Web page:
If we realize an exact marginal ray trace3,4 and propose cosine directors (L0,M0,N0), then it is possible to obtain the incidence and refraction angles at the first surface. By employing the refraction law in vector form and by knowing the initial coordinates (x1,y1,z1) of the incident ray Ŝ1, we can determine the coordinates (x2,y2,z2) of the refracted ray Ŝ2. Hence, we can obtain the direction cosines (L1,M1,N1) of the refracted ray after it passes through the first surface of the lens.

After we substitute the (x2,y2), coordinates of the incident ray on the second surface into Equation 1, it is possible to obtain an equation that depends on the conic constant. By solving the equation for the sag of the first surface, we can determine its conic constant and obtain a lens that is free from spherical aberration. (Additionally, this methodology could be employed to correct the height of incidence of the marginal ray.)

Next we can eliminate the coma aberration. According to Kingslake,3 a spherically corrected lens is free from coma near the center of the field if the marginal M and paraxial magnifications m are equal. For a very distant object, the sine condition takes a different form. In the equation below, fp is the distance from the second principal plane to the focal point measurement along any paraxial ray, and fm is the focal length for any marginal ray. In order to obtain a thick lens free from coma aberration, the Abbe sine condition should be satisfied while the lens is free from spherical aberration. This means that:

From Figure 1 we can determine a relationship between the magnification m and the last angle of the marginal ray. Using the paraxial curvatures of the first and second surfaces, respectively, the separation between surfaces, and the back focal length, it is possible to calculate the effective focal length. Next, to determine the conic constants of the first and second surfaces respectively, we solved equations one and two for z1 by using z2 = z1d1N1D1. As a result, we can compute the sag for the second surface and the conic constants of both surfaces.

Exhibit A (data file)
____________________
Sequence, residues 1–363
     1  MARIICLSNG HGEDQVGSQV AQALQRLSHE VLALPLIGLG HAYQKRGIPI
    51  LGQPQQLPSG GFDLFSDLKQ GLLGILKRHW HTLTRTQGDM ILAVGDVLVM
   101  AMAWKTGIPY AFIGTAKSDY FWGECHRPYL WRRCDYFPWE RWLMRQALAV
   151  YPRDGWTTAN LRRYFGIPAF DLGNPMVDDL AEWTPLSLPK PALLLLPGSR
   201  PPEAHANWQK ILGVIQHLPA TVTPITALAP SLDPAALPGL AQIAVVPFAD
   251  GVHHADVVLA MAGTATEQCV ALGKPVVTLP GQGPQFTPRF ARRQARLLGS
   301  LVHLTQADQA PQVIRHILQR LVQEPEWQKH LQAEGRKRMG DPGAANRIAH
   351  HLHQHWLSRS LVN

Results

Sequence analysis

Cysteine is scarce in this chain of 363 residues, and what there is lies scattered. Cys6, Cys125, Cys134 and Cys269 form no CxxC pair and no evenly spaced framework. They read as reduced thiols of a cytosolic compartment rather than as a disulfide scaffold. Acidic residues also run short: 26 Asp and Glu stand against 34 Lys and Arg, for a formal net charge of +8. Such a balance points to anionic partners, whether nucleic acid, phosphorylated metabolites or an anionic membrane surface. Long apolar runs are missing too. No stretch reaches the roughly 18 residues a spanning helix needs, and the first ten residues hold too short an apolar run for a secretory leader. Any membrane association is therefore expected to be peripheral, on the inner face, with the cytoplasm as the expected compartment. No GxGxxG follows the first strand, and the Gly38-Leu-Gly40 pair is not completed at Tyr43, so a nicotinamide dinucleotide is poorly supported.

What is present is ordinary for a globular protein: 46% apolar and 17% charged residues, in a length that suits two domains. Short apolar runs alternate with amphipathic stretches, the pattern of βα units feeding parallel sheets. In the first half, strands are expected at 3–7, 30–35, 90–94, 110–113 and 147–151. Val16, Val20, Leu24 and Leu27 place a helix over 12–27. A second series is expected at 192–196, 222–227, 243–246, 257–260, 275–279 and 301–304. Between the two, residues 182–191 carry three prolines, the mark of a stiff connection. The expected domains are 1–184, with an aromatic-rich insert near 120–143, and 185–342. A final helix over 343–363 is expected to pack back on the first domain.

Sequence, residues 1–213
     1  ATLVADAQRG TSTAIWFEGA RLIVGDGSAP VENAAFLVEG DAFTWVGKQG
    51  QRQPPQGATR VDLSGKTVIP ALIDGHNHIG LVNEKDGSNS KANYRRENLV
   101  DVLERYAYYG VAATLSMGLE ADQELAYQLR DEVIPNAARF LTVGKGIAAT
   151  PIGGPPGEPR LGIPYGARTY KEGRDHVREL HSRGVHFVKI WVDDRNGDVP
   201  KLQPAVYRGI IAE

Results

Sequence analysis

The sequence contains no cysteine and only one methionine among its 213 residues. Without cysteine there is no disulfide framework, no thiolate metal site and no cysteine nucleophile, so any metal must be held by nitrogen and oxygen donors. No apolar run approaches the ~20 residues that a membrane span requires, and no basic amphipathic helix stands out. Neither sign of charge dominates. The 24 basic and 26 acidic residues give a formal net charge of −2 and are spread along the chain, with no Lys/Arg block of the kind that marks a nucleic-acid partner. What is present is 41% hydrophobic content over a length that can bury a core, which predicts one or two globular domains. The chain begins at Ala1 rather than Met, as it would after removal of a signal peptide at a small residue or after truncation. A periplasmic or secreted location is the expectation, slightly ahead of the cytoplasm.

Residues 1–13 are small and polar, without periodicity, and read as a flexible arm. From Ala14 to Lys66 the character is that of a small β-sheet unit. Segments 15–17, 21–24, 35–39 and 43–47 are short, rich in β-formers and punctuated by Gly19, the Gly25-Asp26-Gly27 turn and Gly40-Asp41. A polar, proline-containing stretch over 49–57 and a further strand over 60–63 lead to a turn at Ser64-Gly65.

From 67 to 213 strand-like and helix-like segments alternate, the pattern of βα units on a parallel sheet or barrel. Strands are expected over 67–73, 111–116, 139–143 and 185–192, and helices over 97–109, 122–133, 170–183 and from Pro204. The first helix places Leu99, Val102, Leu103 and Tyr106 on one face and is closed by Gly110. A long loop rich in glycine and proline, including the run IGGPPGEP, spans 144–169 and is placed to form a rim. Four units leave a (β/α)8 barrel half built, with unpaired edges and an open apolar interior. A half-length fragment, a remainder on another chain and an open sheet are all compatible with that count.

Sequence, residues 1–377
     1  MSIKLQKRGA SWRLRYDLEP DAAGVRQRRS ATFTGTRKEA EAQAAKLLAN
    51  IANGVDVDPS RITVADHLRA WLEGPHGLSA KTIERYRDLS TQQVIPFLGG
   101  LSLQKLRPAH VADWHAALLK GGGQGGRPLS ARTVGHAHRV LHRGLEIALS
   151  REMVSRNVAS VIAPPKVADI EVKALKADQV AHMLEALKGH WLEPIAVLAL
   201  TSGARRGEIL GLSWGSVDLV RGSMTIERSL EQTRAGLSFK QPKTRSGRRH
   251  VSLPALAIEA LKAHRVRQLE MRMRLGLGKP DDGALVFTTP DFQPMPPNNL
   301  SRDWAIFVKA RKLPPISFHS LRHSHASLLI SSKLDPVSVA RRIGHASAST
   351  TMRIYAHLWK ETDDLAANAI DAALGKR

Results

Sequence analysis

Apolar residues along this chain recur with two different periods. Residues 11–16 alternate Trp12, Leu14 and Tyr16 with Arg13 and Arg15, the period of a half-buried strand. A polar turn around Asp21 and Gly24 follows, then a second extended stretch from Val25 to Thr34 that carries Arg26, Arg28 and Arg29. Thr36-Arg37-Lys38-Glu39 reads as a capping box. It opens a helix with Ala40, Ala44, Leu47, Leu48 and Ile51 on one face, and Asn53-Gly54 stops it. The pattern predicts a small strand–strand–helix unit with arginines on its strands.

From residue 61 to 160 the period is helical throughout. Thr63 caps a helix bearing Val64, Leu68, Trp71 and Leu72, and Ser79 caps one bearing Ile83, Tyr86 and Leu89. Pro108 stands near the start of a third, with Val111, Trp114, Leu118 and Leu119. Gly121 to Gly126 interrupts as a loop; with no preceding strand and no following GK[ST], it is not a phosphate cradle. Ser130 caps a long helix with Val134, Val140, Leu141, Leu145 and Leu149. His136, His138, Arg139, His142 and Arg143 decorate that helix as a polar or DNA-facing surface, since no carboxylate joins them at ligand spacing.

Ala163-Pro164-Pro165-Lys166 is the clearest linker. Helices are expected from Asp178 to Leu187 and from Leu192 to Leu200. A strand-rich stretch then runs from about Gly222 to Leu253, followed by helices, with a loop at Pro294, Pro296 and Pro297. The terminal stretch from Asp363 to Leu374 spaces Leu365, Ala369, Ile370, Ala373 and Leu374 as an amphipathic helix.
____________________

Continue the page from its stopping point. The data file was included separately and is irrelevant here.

Figure 1. By using these key parameters, it is possible to design a thick lens free from spherical and coma aberration. (Click to enlarge image.) 
 

Our research resulted in a general design method to enhance the performance of thick lenses for monochromatic light, regardless of whether the object is near or far from the lens. Overcoming the current problems for lenses with spherical surfaces, this methodology allowed us to obtain an analytic and exact expression to determine the conic constant in order to correct for marginal spherical and coma aberrations.


Authors
Jorge Castro-Ramos and Sergio Vazquez-Montiel  
National Institute of Astrophysics, Optics, and Electronics
Tonantzintla, Puebla
Mexico
Jorge Castro-Ramos works at the National Institute of Astrophysics, Optics, and Electronics in the instrumentation group. He concentrates on optical design and test. In addition, he is a member of SPIE and has presented twelve papers at SPIE meetings held during the last two years.

References:
1. F. A. Jenkins, H. E. White,
Fundamentals of Optics,
4th Edition, McGraw Hill Inc., New York, 1981.
2. A. E. Conrady,
Applied Optics and Optical Design, Part I and II,
Part I and II, Dover, New York, 1960.
3. R. Kingslake,
Lens Design Fundamentals,
Academic Press, Inc., New York, 1978.
4. W. T. Welford,
Aberrations of Optical Systems,
Adam Hilger, Bristol, UK, 1991.